• China’s First Collaborative Craft Beer

    China, while I’m not a fan of their global dominance in manufacturing, I always appreciate a country coming into its own with craft brewing.

    As China’s craft beer market begins to take flight, two brewers have teamed up to produce the country’s first collaborative craft beer: Yunnan Amber, a beer that infuses southwestern Yunnan province’s dianhong black tea with domestic and imported hops.


    Carl Setzer of Beijing’s Great Leap Brewing joined forces with Michael Jordan of Shanghai’s Boxing Cat Brewery after they both attended San Diego’s Craft Brewing Conference last May. “Carl and I have known each other for a while, as the brewing circles in China are pretty small,” Mr. Jordan said. “We saw these collaboration brews happening between U.S. brewers and decided we should do one ourselves.”


    The pair began trading ideas, recipes and brewing techniques and eventually chose to make an amber — an ale that is amber or reddish in color — because it was a style of beer both brewers were familiar with producing. They also checked in with a Beijing-based tea consultant, who recommended that they infuse it with dianhong tea, a strong-flavored, red-hued black tea whose floral aroma some liken to tea from India’s Assam region. Mr. Setzer noted that the tea is  ”distinct enough to come through all the other flavors in the beer.”


    When the time came to start brewing, Mr. Setzer traveled to Shanghai, where he and Mr. Jordan worked on their new creation at Boxing Cat’s brewing facility. Mr. Setzer already had two years’ experience working with tea in beer – something Mr. Jordan wanted to learn more about — and together they employed a process in which they steeped the beer in the tea for five days.


    The duo brewed 1,000 liters of the limited-edition amber, which is currently available at Boxing Cat for the next six to eight weeks and was yesterday launched at Great Leap, where it will be served for about two weeks or as long as supplies last.


    Though some might be skeptical of tea-infused beers, Mr. Jordan says the result is smooth and drinkable, with light hops that “allow the tea to come through” and a “floral presence in the finish.”


    Meanwhile, Mr. Setzer said the beer “achieves exactly what we wanted. It has very distinct characteristics of Boxing Cat style, with Great Leap aspects as well.”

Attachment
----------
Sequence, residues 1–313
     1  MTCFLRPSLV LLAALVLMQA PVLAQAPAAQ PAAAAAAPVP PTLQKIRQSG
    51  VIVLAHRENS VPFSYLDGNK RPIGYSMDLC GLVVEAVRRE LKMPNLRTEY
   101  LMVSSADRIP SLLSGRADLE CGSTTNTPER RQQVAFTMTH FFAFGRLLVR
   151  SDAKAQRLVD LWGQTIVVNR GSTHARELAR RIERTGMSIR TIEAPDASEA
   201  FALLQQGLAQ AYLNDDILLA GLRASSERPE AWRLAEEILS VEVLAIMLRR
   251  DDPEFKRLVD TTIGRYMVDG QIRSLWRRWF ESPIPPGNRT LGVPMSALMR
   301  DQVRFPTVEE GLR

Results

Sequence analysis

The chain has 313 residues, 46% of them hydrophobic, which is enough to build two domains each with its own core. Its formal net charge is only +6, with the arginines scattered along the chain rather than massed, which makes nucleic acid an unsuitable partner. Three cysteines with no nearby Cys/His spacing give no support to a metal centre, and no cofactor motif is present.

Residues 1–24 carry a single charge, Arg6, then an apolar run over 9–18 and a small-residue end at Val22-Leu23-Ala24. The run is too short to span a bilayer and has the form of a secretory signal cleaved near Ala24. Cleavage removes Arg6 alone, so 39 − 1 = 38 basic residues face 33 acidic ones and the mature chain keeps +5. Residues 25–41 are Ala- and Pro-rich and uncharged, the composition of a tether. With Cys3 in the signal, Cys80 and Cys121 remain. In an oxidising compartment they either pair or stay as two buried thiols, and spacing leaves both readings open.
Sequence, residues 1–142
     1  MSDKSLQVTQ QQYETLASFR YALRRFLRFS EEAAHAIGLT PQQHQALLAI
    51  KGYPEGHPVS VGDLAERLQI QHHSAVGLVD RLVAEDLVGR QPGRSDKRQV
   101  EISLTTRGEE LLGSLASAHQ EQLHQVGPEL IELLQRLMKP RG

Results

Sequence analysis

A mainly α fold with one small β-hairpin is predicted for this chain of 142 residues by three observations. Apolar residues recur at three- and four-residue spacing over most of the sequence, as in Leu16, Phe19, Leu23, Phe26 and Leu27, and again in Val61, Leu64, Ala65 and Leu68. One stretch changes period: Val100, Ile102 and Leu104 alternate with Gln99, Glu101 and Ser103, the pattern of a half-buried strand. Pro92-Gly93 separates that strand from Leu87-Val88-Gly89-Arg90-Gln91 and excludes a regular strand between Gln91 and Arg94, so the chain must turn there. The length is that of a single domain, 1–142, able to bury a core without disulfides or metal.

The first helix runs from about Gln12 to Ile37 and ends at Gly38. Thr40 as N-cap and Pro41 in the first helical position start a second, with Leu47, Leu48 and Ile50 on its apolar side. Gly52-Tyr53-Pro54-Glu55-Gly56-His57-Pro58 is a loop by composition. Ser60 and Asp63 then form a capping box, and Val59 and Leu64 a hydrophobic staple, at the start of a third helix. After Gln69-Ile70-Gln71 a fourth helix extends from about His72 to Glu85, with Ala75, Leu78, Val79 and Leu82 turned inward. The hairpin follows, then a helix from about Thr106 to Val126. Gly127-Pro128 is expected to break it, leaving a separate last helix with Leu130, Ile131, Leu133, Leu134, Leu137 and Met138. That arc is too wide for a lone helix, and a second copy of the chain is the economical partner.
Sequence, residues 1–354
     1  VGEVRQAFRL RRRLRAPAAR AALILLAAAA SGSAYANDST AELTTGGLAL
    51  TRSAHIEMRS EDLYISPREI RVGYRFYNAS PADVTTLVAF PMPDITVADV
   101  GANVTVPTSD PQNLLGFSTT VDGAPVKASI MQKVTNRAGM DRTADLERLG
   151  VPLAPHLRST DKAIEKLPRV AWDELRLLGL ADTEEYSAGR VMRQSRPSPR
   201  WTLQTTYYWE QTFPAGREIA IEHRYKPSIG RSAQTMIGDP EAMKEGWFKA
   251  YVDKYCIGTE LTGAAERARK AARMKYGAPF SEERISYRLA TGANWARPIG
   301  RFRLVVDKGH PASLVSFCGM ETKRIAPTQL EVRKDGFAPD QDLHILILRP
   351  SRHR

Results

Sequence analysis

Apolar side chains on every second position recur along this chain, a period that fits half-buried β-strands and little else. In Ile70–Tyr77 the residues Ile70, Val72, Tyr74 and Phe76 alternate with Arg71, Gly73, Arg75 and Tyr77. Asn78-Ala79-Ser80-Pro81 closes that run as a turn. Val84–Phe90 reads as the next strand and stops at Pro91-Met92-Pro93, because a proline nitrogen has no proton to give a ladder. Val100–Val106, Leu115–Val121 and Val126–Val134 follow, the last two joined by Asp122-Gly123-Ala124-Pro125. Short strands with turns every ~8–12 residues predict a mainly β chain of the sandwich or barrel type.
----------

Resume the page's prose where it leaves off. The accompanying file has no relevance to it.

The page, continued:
He added, “We’re able to bring a little bit of Great Leap to Shanghai, and a little bit of Boxing Cat to Beijing.”


    As for what’s next, the two plan to team up again in the future. They’re already eyeing a collaboration beer each season, and say that they’re always on the lookout to collaborate with other craft brewers.


    They do have one proviso, however.


    “If you’re not friends, you will not collaborate well,” Mr. Setzer said. “It’s like having too many chefs in kitchen.”

    So how do you feel?  Are you for China joining (and potentially taking over) the craft beer market, or do you prefer western dominance?

    Source: http://blogs.wsj.com/

  • Beijing, China Craft Beer Scene Growing

    It seems that the craft beer movement has started to catch on in Beijing , China.  The city now has two microbreweries.

    But according to both brewers, there’s a growing and largely untapped market in China’s capital as disposable income rises and beer-swilling residents clamor for more variety at the pub.

    This is good news for the residents of Beijing, who until now may not have not the joy of drinking a finely crafted beer.

    Mr. Jurinka and Slow Boat co-founder Daniel Hebert are looking to open a tap room and sell their beer directly to local bars and restaurants in the meantime, with each pint typically retailing for about 40 to 50 yuan ($6.35 to $7.90). The brewery currently carries six standard beers, with a new seasonal beer introduced each month. At the moment it produces 60 hectoliters per month — about 100 kegs — but plans to expand to three times that capacity.

    This upswing in activity isn’t too much of a surprise, after all, craft beer being imported into China is on the rise.

    U.S. microbrew beer exports to China hit a record in 2010, with sales reaching $546,000, five times the level just five years ago, according to figures from the U.S. Agricultural Trade Office in Beijing. And beer consumption overall is rising, too: SABMiller reported that China saw volume growth in beer consumption of 6%from 2005 to 2010, higher than the world average growth rate of 3.3% or the emerging-market average of 5.7%. In 2010, Chinese drinkers consumed 31 liters per capita, or 40.89 billion liters, according to Credit Suisse.

    Those visiting Beijing will no doubt seek out the small craft beer scene, but the locals are still just beginning to find their love of good beer.

    Foreigners are among the breweries’ most loyal customers, but both said they’ve been heartened by interest from locals.

    “We didn’t think that would be the case right off,” said Mr. Jurinka, but in Beijing, “the disposable income and wealth levels have reached a level where these things are now accessible.”

    With relatively low per-capita rates of beer drinking, China has plenty of room for growth, Mr. Jurinka said. Besides, he added, “Why would you ever order a Tsingtao when you can order a craft beer?


    Source: wsj.com